I’m quite fond of Sepia, the warmth and depth of the colour attracts me. So this project has initially been printed using this.
These prints are much nicer in the hand than photographed. Both are on lightweight paper and both images seem to fuse nicely with the paper base. I was very careful how much ink I applied and the soft transfer is very attractive. All the marks are visible with the exception of the sandpaper scratching on the bottom left. However the jewellery file scratching in the same place has produced fine random line-work.
Above left: approx 65-70% sepia + 30-35% extender on Arches 88. I increased the level of pigment to see if a more definite transfer is possible with some of these shallow markings. It’s worked quite well but already some of the fine shallow marks are filling with ink and becoming less visible (top row – third from left, middle row – right, bottom row – left).
Above right: A new experiment, on elephant dung paper. I wanted to make a colour variation by adding yellow to the existing sepia blend. My oil based inks only have a Hansa yellow light in the range which is a cool lemon and I was after a warmer colour. So I picked up a Windsor & Newton oil colour which I understand is a paint not an ink. I’ve successfully mixed it with oil inks in the past but never laid it out alone and tried to create a variegated effect using it alongside oil inks.
As you can see from the sample above, it really didn’t want to blend well with the original colour. I simply laid it out on top of one end of the remaining ink from previous prints and rolled back and forth. The print shows a clear muddy line where the oil ink wouldn’t spread and merge with the yellow. However, the cuts and marks on the lino still came up quite well using this lighter colour.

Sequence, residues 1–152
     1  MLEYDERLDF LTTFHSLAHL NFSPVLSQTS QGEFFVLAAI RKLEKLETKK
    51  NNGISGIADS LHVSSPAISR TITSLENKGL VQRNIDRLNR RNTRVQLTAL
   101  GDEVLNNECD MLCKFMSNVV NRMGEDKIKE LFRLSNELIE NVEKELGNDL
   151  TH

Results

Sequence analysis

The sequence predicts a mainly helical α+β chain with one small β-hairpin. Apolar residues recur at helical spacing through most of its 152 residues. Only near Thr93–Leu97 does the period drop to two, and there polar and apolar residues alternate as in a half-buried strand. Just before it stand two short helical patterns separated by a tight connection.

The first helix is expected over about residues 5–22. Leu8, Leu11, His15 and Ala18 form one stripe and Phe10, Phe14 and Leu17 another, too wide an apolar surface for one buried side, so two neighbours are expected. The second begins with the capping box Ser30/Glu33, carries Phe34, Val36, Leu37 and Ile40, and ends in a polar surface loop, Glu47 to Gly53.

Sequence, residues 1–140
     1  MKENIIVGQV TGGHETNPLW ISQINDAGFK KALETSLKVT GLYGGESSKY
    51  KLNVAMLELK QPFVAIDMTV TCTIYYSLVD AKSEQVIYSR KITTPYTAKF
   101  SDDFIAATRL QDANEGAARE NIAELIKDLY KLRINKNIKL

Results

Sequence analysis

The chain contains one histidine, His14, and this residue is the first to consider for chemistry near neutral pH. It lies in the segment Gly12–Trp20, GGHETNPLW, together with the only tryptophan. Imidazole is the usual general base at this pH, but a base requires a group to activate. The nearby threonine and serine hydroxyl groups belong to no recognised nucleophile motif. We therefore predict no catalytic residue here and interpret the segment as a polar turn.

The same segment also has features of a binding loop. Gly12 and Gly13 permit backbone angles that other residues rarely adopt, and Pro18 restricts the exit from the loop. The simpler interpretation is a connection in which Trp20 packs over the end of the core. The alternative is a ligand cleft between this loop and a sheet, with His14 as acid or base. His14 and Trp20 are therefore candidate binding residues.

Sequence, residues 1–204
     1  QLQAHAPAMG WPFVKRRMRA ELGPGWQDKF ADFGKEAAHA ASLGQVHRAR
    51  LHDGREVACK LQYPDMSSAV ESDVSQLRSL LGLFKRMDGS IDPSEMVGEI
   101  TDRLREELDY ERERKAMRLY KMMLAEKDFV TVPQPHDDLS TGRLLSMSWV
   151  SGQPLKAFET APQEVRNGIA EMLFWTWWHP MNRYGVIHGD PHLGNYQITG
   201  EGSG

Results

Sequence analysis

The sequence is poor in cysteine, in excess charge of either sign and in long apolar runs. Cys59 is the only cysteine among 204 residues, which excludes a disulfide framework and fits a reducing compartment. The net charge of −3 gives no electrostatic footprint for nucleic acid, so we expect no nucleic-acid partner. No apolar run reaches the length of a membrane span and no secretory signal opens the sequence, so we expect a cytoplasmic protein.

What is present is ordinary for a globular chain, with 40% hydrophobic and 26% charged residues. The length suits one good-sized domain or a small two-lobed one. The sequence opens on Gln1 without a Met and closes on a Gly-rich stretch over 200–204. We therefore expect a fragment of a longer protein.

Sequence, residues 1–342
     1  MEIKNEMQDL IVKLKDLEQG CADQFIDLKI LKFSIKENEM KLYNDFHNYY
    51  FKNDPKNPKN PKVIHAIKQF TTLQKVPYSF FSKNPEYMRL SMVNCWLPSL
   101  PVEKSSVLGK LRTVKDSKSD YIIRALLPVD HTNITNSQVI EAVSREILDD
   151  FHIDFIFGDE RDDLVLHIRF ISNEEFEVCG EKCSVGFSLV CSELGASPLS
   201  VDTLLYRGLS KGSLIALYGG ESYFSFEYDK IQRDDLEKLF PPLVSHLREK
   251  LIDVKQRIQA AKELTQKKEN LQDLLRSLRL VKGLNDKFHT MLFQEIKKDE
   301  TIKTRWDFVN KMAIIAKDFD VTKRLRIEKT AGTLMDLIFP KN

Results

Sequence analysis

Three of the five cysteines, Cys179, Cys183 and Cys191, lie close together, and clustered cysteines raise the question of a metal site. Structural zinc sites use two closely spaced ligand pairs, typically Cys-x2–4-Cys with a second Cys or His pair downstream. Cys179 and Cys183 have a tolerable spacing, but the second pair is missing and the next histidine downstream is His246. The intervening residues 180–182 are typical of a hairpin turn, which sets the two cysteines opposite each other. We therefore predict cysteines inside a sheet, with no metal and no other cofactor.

Above left: Arches 88. The best print I think. Good colour mix, clear imagery in most areas although there is an ink build-up in a couple of places, and a sharp outline. Right: Kozo extra heavy paper. What the heck is that line imprint going right across the bottom third? It’s faintly visible in the previous print as well. I have no idea what caused this.
I think I’ll run a couple more prints in a different colour to compare results..
Below is the second block I cut. From the top down the sections are: etching with a hot soldering iron, scratching with a wire brush and jewellery file, scratching with a needle nose jewellery file, drawing circles with styluses, drawing with the end of a metal shim brayer.
Both samples are on Kozo extra heavy paper. Wow, the soldering iron squiggles are wonderful. The tool melted the lino and forced the material to the surface creating mounds alongside the cut lines. I then brushed off the excess loose shavings and left the remainder in place. So the surface was incredibly uneven. The ink managed to attach to the surface lumps and somehow to the surrounding flat surface as well even though it is marginally recessed. Unexpected and superb result.
Some of the other marks on this piece haven’t come out well at all and others are only apparent when you look very carefully, as can be understood from my close-up photo.
Very interesting and a lot of fun. Time to try my other tools now.